The characters who are all very smart quantum theorists and/or just plain geniuses conflate the Schr√∂dinger's Cat thought experiment with Many Worlds theory.  The cat problem relies on the Copenhagen interpretation of quantum mechanics, which basically states that reality is set by observation.  The cat in the box is alive when we look, or it is dead when we look: it is the act of our observation that settles all the quantum bits and bobs in place. However, Jason's work somehow combines Copenhagen with the Many Worlds theory, which states that every time something happens, there is a branching in the multiverse; i.e. there is a universe in which the cat is alive AND one in which the cat is dead.  Since no one really, truly understands quantum mechanics (and what little I remember comes from reading some Brian Greene books in college), either Jason is a super-genius and found some sort of unifying theory for quantum mechanics, or the reader is not supposed to think about any of that science-y stuff and just enjoy the book.

I know that the book is out now, and that I just have an ARC, but it also contained some inconsistencies that pulled me out of the narrative as a reader.  For example, Jason is supposed to live in Chicago.  I assume he's lived there all his life, or at least a very long time.  But he calls the Sears Tower the Willis Tower.  No.  No no no no no.  I know that's what it's *technically* called, but it is the Sears Tower.  Just like it's the John Hancock Building, not Experience 360 or whatever silly name they've given it now.  Plus, when he's driving on the expressway at night he's only going 70mph.  That's like slow-lane-in-Chicago-construction-zone-speed, not I-live-here-speed.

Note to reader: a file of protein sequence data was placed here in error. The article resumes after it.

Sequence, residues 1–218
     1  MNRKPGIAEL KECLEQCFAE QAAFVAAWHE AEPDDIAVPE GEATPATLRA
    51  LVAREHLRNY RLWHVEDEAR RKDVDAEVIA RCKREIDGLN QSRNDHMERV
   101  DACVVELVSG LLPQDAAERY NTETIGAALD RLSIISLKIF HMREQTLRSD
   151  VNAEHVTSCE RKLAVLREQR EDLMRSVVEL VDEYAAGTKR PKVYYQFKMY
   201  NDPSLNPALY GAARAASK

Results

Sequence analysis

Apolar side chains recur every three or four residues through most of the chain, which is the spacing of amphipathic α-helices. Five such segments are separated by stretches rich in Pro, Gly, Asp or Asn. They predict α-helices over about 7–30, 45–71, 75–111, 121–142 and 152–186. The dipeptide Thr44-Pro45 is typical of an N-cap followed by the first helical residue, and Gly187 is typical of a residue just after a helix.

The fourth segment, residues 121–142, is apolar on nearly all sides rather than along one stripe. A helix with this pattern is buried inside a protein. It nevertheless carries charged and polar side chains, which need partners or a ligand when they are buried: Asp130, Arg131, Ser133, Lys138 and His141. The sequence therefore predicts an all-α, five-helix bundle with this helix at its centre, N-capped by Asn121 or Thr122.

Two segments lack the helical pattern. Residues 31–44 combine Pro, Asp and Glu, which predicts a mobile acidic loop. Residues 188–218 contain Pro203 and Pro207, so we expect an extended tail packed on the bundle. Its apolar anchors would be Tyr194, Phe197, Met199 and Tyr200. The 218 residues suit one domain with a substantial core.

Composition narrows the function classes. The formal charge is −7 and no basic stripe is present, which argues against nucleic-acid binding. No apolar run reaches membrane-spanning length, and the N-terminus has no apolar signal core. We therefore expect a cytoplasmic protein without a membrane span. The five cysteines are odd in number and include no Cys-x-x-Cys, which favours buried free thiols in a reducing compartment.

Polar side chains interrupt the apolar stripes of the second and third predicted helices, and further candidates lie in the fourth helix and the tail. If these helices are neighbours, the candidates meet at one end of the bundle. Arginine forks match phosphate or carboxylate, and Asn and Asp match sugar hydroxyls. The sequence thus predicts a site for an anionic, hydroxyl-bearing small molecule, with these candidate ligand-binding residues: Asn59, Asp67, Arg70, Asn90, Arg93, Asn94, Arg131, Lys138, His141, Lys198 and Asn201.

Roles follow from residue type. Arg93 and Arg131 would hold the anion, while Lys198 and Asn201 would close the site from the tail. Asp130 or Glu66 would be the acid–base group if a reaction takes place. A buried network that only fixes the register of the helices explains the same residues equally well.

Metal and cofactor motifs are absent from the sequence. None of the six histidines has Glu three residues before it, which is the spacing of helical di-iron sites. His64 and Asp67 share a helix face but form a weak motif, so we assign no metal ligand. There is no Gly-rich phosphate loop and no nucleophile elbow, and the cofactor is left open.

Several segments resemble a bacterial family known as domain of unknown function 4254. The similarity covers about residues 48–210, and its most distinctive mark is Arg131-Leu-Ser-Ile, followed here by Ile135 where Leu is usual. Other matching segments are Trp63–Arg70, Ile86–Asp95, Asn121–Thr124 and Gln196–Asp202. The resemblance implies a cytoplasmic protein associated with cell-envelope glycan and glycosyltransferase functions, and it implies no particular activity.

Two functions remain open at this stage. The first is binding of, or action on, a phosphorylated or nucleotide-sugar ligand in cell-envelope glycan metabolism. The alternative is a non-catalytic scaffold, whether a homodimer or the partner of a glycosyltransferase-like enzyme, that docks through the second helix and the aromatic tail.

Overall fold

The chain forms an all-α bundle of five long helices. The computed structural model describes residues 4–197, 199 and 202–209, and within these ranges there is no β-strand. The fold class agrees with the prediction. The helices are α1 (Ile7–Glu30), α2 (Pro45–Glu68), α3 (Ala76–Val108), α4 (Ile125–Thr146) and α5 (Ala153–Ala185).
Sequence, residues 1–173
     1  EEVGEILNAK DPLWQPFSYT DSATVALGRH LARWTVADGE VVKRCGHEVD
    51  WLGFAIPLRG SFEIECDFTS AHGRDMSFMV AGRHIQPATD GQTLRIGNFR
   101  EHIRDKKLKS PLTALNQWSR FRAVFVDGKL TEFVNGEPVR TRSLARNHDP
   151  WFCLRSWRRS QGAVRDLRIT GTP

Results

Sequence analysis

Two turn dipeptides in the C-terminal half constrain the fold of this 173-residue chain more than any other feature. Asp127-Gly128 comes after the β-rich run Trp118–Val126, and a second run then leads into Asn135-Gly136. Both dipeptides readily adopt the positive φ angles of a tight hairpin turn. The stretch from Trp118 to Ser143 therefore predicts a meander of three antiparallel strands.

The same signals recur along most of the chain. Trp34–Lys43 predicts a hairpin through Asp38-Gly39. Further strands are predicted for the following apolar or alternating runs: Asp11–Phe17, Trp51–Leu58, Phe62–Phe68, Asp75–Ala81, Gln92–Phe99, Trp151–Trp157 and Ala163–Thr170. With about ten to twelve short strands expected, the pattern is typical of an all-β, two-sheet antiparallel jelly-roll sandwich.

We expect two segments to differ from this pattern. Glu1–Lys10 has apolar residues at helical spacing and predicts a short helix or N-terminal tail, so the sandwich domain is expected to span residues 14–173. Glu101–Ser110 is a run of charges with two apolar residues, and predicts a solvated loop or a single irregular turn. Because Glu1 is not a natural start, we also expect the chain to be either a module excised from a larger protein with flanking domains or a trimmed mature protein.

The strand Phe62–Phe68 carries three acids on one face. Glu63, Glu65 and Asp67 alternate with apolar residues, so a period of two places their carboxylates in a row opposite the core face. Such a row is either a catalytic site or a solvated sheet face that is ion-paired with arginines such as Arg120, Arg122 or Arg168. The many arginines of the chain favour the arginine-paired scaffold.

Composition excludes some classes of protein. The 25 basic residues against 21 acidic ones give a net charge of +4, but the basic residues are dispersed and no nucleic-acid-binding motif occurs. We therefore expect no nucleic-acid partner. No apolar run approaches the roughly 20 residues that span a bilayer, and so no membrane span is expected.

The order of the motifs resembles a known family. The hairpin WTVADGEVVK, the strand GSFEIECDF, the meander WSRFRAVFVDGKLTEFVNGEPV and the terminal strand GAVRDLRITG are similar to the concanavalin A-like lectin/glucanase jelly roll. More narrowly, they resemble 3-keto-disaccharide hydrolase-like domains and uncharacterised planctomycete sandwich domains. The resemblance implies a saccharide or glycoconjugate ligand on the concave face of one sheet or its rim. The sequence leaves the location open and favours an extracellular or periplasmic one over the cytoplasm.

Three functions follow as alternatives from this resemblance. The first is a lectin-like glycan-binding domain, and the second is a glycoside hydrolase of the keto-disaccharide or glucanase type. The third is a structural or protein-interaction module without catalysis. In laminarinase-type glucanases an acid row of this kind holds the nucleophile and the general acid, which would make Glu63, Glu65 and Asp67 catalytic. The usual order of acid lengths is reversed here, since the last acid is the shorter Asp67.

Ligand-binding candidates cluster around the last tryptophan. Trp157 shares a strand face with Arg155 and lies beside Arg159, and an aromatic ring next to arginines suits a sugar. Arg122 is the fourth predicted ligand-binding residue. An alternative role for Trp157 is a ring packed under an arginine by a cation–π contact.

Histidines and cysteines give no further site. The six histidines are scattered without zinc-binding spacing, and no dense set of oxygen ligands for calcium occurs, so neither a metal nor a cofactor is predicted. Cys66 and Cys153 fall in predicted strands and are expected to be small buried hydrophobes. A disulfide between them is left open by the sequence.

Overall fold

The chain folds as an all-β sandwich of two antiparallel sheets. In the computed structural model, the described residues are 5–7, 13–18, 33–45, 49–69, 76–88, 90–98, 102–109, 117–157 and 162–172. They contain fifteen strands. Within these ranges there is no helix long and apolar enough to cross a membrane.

This is worlds away from the creeping dread and small-town paranoia of Pines.  And I think that's what killed the book for me.  Crouch is really in his element when humans are isolated, thus leaving them at the mercy of nature and the deviousness of their own minds.  I hope he returns to that place for his next book, because Dark Matter doesn't matter that much to me.

I received an ARC of this title from Netgalley.






Comments

  1. I think my favourite "branching universes" tale is Terry Pratchett's Jingo, in which he presents something he calls "the trousers of time" - you go down one leg or the other. His hero, Commander Sam Vimes of the City Watch, makes a choice to go off to war with his volunteer watchmen, because one of the members has been whisked away on a ship belonging to the other side. He has a "Disorganiser" which he has instructed to tell him his appointments even if he doesn't know about them yet. But he picks up the wrong one and finds himself hearing messages from the universe in which he didn't go to war! And it's much worse than his own world... :-)

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  2. The trousers of time sounds like a delightful way of thinking about it!